Though Miller used the setback as a sign to shift her practice, sexist social structures continued to shape her career. Art historians and curators of the 20th century relegated female surrealists — many of whom appear in Miller’s images, like the painter Leonora Carrington and the photographer Dora Maar — to the sidelines of the movement when they were, in actuality, crucial figures; Penrose recalls that his own father referred to them more as “muses” than artists in their own right, despite their prolific outputs.

But despite the imbalances within their group, Miller’s time with her friends ahead of World War II was seemingly idyllic. She’d left Paris in 1932 for New York when her relationship with Man Ray ended, and then unexpectedly married Egyptian businessman Aziz Eloui Bey and moved to Cairo. When she spent the summer of 1937 back in Paris and met Penrose, it sparked a two-year affair (and series of love letters when they were apart), that eventually resulted in the dissolution of her marriage.

Some of Miller’s emblematic images of the period show their vacations across the south of France from beach outings with Penrose, Picasso and Maar and the model Ady Fidelin, to a picnic that has drawn comparisons to Édouard Manet’s famed painting “Le Déjeuner sur l’herbe” as a topless Fidelin is pictured alongside Man Ray, the poet Paul Éluard and artist Nusch Éluard.

But as Ysenburg points out, the tumult of the era had already begun — Nazism brewed in Germany and the Spanish Civil War broke out, prompting Picasso’s monumental and career-defining work “Guernica” which was painted the same year Miller returned to Paris.

“It was a community that in the sense that they were friends and lovers,” Ysenburg explained. “It seemed a very carefree time for them in a world that was changing very quickly.”

She saw ‘what we’re missing’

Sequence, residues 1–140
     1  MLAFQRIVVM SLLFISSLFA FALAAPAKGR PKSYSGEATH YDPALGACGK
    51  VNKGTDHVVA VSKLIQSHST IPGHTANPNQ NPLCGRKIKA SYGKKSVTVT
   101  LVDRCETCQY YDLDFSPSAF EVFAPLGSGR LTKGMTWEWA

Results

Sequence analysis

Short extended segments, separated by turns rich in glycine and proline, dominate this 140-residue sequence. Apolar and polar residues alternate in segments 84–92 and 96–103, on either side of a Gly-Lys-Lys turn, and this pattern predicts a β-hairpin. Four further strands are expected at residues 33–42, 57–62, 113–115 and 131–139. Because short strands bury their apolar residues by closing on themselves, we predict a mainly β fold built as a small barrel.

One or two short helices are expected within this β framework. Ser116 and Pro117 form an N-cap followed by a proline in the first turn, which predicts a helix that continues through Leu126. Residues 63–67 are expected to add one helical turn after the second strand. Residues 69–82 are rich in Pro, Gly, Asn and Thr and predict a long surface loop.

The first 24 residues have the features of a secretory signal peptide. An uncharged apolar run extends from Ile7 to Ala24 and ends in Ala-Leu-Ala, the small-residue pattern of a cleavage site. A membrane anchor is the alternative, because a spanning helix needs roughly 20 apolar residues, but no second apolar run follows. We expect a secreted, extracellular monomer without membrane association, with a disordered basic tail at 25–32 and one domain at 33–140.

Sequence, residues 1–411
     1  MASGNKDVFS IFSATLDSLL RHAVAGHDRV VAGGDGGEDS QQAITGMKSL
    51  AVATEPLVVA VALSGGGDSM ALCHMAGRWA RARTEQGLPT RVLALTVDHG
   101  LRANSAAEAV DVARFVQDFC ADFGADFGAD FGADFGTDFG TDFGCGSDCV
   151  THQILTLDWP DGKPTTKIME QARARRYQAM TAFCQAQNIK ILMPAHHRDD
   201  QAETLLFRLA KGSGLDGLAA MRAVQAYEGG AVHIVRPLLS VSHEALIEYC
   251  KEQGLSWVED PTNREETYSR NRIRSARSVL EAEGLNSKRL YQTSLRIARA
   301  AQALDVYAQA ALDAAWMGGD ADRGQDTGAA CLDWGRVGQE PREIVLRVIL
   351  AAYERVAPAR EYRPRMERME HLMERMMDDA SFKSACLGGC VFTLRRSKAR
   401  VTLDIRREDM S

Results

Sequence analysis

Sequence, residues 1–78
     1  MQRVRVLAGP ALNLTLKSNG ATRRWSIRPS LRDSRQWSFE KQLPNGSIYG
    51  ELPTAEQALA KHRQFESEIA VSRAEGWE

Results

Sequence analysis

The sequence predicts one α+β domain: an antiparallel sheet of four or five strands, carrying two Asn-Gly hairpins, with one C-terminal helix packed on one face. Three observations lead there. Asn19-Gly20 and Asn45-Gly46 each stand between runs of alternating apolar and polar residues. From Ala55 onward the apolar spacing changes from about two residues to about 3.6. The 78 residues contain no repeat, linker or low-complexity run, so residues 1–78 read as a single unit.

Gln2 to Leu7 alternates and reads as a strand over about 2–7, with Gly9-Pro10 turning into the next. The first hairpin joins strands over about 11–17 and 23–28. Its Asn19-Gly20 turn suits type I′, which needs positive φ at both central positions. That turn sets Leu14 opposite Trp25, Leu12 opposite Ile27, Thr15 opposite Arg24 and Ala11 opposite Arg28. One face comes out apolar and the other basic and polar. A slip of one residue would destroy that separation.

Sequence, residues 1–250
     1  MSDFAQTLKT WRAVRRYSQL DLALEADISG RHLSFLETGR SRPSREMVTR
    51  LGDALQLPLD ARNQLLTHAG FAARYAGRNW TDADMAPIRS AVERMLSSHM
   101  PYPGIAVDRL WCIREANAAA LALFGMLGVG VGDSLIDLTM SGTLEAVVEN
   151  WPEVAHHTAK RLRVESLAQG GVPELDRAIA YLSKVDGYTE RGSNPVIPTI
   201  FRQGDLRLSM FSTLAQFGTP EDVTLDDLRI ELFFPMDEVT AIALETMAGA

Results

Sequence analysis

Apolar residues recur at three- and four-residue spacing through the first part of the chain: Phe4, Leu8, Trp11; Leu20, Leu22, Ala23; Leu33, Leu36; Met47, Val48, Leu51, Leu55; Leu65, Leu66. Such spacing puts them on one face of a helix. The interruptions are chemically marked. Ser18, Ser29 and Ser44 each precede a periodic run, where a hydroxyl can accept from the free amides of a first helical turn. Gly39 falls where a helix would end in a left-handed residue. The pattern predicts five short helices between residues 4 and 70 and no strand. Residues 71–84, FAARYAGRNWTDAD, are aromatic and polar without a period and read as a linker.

Many artists fled Europe in the 1940s, and Miller could have gone back to New York to safety, Penrose said. But she’d settled down with Roland in London and refused to leave, instead becoming a photojournalist for British Vogue, documenting women who were contributing to the war efforts, and taking both fashion and street images during the Blitz.

Later, she was accredited as an official correspondent with the US armed forces — one of just four such female photographers. During this period, in Normandy and in Munich she worked closely with the Life photojournalist David E. Scherman. Together, they entered Hitler’s apartment with soldiers on April 30, 1945, the same day that Hitler shot himself in his bunker in Berlin. Just that morning, Miller and Scherman had taken photographs in Dachau; Miller tracked mud from the concentration camp all over the apartment’s floor before stripping down to pose in the bathtub. She took the same photo of Scherman, who was Jewish, as well.

“Those boots carried her that that morning around the concentration camp, and now she’s grinding the filth of that place into Hitler’s nice clean bathroom,” Penrose said. “They prove that she’s not there as a guest in his house. She’s a victor.”

Even as Miller faced the harrowing effects of the war across Europe — sights that would take a toll on her in its aftermath — she still maintained her keen artist’s eye. After all, she believed there was nothing “more surrealist, more mad, more nightmarish” than the war, according to Calvocoressi.

“Even in the most dangerous and demanding circumstances, she’s still looking out for weird, quirky images,” Penrose said. “I find that that so endearing — the hallmark of her artistry is just to see what we’re missing.”

Miller took her last assignment for Vogue in the early 1950s, as Penrose notes that she could no longer meet deadlines because of her declining mental health. But she didn’t stop photographing, taking some 1,000 photographs of Picasso as Roland worked on his biography, which published in 1958.

Penrose said that throughout the course of her career, she was always “looking for the metaphor” in her surroundings. Of the many poetic moments she captured, one took place in front of the Vienna Opera House in Austria’s capital in late 1945 amid the lingering destruction of war. Framed by twisted metal support beams and rubble, the soprano Irmgard Seefried is photographed singing an aria from the Italian opera “Madame Butterfly,” in what Penrose believes to be an image set up by Miller — who captured her with arms outstretched, completely in silhouette.

“In a way, it’s a reversal, because you would have expected the singer to be beautifully lit from all kinds of sources.” Penrose explained.

“Gone is the costume. gone is any kind of glamorization… what we have is this absolute passion, about the triumph of art over destruction.”